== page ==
Calling Disciples

Last Sunday, we heard from the Gospel according to St. John how Philip and Nathanial were called to be disciples of Jesus. I also gave you some of the preceding verses about the calling of Andrew and Peter.

Today, we heard from the Gospel according to St. Mark about how Jesus called Andrew and Simon, the brothers who were fishermen. Jesus told them this interesting word twist that has become so symbolic of the Christian life: “Follow me, and I will make you fishers of men.”
When I think of being a fisherman, I think of using a rod and reel. I’m not much of a fisherman myself, as you might be surprised to know that I don’t have much patience!

A good fisherman casts his line out and draws it back, trying to draw the fish in with an appetizing lure. He does this many times until he gets a bite, then there is another delicate maneuver called for to actually hook the fish and to reel it in.

The fisherman does not go out and bash the fish on the head with the rod! He does not try to scare the fish into jumping into the boat either!

But, I’m afraid that seems to be the prevailing method of preaching in many churches. I have heard a few of these tirades, and they did not attract me to the kind of religion these guys were selling.

When Jesus called to these men who would be his disciples, they followed him. Going on a little further in the Gospel we heard today, Jesus calls James and John, the sons of Zebedee to follow him.

Mark reports that these men immediately followed Jesus. There was no hesitation. These men had ears to hear Jesus, a phrase that Jesus would many times during his time of teaching.

I’m sure that what is not recorded in the Gospels is the many men and women who refused the call of Jesus to follow him. Not everyone had the spiritual ears these men had. After all, to everyone, Jesus looked like just an ordinary man, a carpenter’s son who was essentially homeless. He had no visible kingdom, and no throne, so to many he had no credibility.

But these men, Andrew, Simon, James, John, and the rest, saw something in Jesus, or perhaps they heard something in his voice, that hooked them, using the metaphor of the fisherman.

In today’s world of Christian preaching, it seems that a well dressed preacher in a large expensive auditorium, or perhaps on television, is able to attract whole masses of people to their brand of religion. The optics play a big part in this attraction.

In our tradition of Christianity, we have no personal sense of style. You see what I wear. It is the same thing being worn by pastors all over the world. It is the simple black suit and white collar worn outside the church, or the same fine vestments worn inside the church. The black suit is not supposed to be attractive. Anybody who dresses it up is missing the point.

We call our church Catholic, because we believe in the One, Holy, Catholic, and Apostolic Church, as we recite in the Nicene Creed every Sunday. If anyone asks what you believe, you can show them this ancient document that was written before the various fractures and divisions that men have created.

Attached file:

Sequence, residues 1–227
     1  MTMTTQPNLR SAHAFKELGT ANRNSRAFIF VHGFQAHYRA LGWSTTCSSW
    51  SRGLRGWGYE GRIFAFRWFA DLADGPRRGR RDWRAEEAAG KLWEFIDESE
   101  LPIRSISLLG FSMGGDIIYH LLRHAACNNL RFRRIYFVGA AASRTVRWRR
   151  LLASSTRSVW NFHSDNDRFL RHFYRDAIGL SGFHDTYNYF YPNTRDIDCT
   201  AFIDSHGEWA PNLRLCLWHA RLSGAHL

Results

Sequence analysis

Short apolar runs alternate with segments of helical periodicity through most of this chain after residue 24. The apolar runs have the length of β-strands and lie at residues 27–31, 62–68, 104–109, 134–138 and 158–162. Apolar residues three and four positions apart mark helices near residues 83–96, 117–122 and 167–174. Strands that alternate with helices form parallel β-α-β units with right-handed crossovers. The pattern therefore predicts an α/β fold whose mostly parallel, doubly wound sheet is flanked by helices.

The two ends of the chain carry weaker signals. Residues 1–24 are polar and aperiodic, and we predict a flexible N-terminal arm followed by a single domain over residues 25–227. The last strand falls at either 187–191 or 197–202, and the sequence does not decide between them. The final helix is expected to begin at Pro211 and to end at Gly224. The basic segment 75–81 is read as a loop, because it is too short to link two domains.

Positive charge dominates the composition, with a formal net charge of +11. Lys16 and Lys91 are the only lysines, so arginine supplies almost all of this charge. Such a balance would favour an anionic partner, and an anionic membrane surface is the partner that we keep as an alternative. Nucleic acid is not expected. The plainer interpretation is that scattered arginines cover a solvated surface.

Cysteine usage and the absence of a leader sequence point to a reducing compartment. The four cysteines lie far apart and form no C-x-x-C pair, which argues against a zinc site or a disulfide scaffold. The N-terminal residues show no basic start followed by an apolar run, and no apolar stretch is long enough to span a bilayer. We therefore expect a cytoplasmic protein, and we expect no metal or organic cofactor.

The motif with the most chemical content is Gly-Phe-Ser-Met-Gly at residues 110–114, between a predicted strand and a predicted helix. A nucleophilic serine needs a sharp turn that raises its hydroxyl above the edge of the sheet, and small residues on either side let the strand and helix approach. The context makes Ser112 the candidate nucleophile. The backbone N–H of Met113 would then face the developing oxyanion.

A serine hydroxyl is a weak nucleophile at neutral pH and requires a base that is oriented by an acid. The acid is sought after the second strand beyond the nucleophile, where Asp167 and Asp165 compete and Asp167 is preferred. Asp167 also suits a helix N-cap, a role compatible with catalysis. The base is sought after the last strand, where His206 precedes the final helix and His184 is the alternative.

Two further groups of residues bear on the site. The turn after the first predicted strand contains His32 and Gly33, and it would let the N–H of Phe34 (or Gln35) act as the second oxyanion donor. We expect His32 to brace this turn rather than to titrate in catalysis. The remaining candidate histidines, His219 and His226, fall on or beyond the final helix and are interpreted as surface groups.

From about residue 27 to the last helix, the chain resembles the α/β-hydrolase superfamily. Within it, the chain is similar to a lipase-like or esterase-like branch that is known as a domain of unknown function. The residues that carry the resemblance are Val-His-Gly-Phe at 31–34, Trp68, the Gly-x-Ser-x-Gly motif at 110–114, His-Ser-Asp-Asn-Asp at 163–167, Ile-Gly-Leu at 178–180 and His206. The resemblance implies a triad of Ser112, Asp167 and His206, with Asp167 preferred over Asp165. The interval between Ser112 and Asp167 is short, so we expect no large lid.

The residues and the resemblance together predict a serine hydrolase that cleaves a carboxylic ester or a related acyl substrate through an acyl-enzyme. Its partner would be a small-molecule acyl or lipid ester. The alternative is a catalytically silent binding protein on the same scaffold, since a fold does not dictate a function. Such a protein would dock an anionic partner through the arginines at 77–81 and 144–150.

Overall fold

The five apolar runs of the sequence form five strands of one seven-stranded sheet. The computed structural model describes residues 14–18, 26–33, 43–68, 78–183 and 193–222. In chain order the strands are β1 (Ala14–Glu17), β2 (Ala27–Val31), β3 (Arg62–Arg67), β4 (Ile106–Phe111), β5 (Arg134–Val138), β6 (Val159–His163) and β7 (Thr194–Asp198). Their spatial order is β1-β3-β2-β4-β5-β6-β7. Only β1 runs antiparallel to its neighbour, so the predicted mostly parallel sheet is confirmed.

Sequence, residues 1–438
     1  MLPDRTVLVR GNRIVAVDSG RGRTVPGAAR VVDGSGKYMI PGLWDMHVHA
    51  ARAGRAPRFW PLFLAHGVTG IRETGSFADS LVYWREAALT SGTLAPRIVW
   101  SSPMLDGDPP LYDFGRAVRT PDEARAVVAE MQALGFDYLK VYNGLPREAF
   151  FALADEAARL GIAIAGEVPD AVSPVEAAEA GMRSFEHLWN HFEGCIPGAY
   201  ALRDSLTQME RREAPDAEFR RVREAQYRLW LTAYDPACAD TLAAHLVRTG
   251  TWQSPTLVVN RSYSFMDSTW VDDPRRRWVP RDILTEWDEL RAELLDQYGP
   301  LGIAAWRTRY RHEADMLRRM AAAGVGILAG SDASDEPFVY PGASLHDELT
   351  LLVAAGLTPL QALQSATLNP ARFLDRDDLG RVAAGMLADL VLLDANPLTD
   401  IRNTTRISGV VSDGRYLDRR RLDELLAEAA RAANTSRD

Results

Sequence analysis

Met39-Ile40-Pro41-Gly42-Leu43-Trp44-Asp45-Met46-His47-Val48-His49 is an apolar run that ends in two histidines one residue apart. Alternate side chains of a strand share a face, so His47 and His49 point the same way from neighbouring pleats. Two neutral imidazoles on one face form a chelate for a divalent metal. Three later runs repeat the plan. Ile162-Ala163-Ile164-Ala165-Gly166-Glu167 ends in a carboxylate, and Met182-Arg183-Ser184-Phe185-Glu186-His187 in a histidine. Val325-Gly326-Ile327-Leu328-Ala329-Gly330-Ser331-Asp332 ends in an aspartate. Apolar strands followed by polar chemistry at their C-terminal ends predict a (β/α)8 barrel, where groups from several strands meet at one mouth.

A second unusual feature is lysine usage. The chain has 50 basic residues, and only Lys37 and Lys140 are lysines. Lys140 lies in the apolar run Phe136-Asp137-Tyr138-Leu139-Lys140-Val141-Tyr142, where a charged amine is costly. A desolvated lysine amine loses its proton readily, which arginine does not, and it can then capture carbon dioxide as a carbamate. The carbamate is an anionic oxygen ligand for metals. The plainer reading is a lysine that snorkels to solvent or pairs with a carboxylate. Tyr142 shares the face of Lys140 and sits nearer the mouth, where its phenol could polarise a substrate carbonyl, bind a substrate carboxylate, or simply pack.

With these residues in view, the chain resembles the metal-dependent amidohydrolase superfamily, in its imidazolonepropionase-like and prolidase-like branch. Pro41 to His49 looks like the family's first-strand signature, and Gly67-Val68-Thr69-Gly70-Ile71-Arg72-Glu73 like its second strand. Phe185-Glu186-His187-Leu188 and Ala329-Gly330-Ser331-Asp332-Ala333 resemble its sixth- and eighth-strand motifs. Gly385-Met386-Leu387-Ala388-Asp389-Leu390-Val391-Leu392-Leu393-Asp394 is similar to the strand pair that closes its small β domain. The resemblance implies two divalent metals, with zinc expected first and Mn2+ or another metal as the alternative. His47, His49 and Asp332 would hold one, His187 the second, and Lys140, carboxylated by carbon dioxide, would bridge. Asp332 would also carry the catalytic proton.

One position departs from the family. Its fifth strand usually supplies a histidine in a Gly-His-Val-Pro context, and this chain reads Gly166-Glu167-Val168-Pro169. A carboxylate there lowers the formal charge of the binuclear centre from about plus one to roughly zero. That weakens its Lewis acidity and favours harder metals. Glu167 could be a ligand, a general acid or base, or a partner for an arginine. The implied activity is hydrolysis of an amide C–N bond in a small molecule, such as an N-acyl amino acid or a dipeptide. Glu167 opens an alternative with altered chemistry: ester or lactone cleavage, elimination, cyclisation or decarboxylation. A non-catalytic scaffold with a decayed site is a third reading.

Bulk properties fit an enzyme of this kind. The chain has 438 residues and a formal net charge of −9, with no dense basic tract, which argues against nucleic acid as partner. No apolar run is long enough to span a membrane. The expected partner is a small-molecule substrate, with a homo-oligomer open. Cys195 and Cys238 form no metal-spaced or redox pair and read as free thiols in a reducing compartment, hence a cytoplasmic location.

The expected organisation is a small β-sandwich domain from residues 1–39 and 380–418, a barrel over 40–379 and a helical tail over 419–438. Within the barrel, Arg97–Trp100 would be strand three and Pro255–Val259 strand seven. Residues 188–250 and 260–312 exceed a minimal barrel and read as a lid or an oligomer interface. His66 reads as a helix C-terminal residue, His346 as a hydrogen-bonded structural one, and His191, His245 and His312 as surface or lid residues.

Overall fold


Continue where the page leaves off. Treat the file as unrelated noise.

Jesus chose these ordinary men because they were in the most need of redemption. Remember what he said to the scribes when he was eating with the sinners: “Those who are well have no need of a physician, but those who are sick; I came not to call the righteous, but sinners.”

These men that Jesus called were indeed sinners, and they knew they were sinners. They knew their sin was so great that they had little hope of salvation from eternal death.

When they heard Jesus calling they responded. And there were many more beside the twelve apostles. There were the 70 men sent out on a mission, and there were many more who responded to the teaching of these missionaries.

Of course, many women heard and responded, and I think women believe more easily in Jesus because, in my experience, they tend to have the spiritual ears to hear him. We men are typically harder to reach with the Good News, and most of us have the women in our lives to thank for our faith.

Jesus knew that not everyone would respond to his call, but that did not stop him from calling everyone. We know this from St. John’s famous verse of 3:16; “For God so loved the world that he gave his only Son, that whoever believes in him should not perish but have eternal life.”

God the Father does indeed love the world, meaning everyone one who in this world, that he would sacrifice his Son to save it. God wants no one to perish, but wants all to have eternal life.

So he called men and taught them what they needed to know to go out and proclaim that good news to all. One of the collects from the Morning Prayer service is so appropriate to sum up this fact, and I offer it in the love of Christ.

Let us pray.
O God, you have made of one blood all the peoples of the  earth, and sent your blessed Son to preach peace to those  who are far off and to those who are near: Grant that people  everywhere may seek after you and find you; bring the  nations into your fold; pour out your Spirit upon all flesh; and hasten the coming of your kingdom; through Jesus  Christ our Lord. Amen.


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      Join us as we delve into C. S. Lewis' Screwtape Letters. Nowhere is Lewis’ wisdom regarding our ongoing struggle with sin, the world and the devil more clearly on display, than in The Screwtape Letters.
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